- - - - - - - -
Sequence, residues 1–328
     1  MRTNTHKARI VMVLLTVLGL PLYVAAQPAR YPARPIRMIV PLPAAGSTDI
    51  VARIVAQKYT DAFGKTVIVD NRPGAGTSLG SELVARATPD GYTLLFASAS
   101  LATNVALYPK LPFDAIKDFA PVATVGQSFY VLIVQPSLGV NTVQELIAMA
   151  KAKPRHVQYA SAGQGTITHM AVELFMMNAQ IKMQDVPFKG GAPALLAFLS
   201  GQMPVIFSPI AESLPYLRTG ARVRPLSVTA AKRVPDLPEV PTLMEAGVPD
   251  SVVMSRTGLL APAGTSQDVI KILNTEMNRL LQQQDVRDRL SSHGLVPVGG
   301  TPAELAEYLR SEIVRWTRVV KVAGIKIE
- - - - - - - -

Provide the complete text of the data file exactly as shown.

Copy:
Sequence, residues 1–328
     1  MRTNTHKARI VMVLLTVLGL PLYVAAQPAR YPARPIRMIV PLPAAGSTDI
    51  VARIVAQKYT DAFGKTVIVD NRPGAGTSLG SELVARATPD GYTLLFASAS
   101  LATNVALYPK LPFDAIKDFA PVATVGQSFY VLIVQPSLGV NTVQELIAMA
   151  KAKPRHVQYA SAGQGTITHM AVELFMMNAQ IKMQDVPFKG GAPALLAFLS
   201  GQMPVIFSPI AESLPYLRTG ARVRPLSVTA AKRVPDLPEV PTLMEAGVPD
   251  SVVMSRTGLL APAGTSQDVI KILNTEMNRL LQQQDVRDRL SSHGLVPVGG
   301  TPAELAEYLR SEIVRWTRVV KVAGIKIE